Pack as light as possible, but know your situation. If you’re at a rural school without a car, you’ll want to bring all the small items you can think of. If you’re at a school in the city or have a car, you can pick things up as needed.
Checklist #4: The Stuff
Forgetting things is inevitable. This is where checklists can save the day.
The list below includes the day-to-day basics and then some. Going to school in Florida? Maybe you don’t need snow boots. Wisconsin? Count on it.
Dorm Room Items
Lamps (desk, bed)
Storage options (under bed, cubes, in closet, etc.)
Pictures/art for walls
Calendar/dry erase/message board
Floor cushions with covers
Battery powered clock
Bed risers to lift you bed higher so you can use the space underneath for storage
Air mattress (for when someone crashes)
Essential oil diffuser/air freshener
Towels (shower, beach)
Pillows (sleeping, throw, reading)
Blankets/comforters/duvet (don’t forget one that you can bring to outdoor events)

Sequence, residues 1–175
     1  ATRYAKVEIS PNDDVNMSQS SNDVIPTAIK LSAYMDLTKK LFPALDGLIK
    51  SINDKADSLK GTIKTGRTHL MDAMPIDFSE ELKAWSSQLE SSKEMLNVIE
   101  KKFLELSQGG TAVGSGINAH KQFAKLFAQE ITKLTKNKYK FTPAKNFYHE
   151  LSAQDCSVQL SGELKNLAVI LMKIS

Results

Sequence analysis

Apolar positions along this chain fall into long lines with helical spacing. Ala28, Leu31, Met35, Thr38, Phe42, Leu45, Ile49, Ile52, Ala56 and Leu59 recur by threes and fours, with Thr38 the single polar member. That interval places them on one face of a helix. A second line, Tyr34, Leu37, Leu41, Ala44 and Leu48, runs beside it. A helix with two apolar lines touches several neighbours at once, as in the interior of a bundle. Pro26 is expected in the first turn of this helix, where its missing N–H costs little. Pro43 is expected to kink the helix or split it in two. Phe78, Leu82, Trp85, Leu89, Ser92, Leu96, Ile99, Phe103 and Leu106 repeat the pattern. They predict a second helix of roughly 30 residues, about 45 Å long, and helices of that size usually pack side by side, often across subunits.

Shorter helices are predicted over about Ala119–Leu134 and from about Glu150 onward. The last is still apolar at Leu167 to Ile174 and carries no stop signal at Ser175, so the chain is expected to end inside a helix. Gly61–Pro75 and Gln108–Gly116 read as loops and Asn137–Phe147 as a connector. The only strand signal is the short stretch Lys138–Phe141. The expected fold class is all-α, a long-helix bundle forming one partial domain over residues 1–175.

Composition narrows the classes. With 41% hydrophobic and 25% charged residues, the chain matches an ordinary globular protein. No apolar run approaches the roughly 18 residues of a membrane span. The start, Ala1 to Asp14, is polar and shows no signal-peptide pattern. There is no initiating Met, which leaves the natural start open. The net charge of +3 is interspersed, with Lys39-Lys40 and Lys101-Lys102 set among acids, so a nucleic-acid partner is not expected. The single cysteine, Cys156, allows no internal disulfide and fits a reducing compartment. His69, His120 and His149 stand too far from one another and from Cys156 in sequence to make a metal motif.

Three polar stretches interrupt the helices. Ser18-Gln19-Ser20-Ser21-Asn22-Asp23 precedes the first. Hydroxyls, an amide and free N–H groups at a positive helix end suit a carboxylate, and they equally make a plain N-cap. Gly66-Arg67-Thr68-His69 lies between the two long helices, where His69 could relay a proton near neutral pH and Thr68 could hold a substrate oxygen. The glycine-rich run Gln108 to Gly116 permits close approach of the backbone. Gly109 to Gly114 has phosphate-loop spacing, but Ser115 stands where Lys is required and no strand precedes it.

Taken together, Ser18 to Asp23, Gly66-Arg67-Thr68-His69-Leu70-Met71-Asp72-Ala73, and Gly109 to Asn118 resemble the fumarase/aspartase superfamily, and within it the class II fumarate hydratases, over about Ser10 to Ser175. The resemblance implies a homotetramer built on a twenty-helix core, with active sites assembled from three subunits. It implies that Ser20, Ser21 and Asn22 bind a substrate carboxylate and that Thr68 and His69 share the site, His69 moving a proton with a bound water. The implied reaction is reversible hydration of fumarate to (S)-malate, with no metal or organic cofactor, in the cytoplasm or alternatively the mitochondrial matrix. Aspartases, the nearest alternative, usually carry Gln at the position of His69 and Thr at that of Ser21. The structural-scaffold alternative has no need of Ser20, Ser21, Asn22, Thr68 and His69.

Stain remover pen
Iron/ironing board (if you’re into wrinkle-free clothes)
USB drives/external storage
Printer and paper
Blank Greeting Cards
Chargers for every device
Shared with Roommate
Shampoo/condition/hair styling products
Hair styling equipment (flat iron, curling iron, etc.)
Feminine hygiene products
Cold and flu meds
Shower shoes (flip flips)
Slippers/house shoes/flip flops
Cold weather gear (hats, mittens, scarves)
Dress clothes/going out clothes
Formal dress clothes
Rain gear (poncho/boots)
Baseball or sun hat
Robe or spa wrap
All-purpose cleaner/cleaning wipes
Plastic sandwich bags
Kitchen gear and utensils (bowl, plate, cup, mug, fork, knife, spoon)
Kitchen utensils shared (stirring spoons, tongs, peeler, spatula, strainer)
Mini broom with dustpan
Food (check with roommate about allergies before buying)
Peanut butter/ nut butters
Microwaveable mac and cheese
Books to read for fun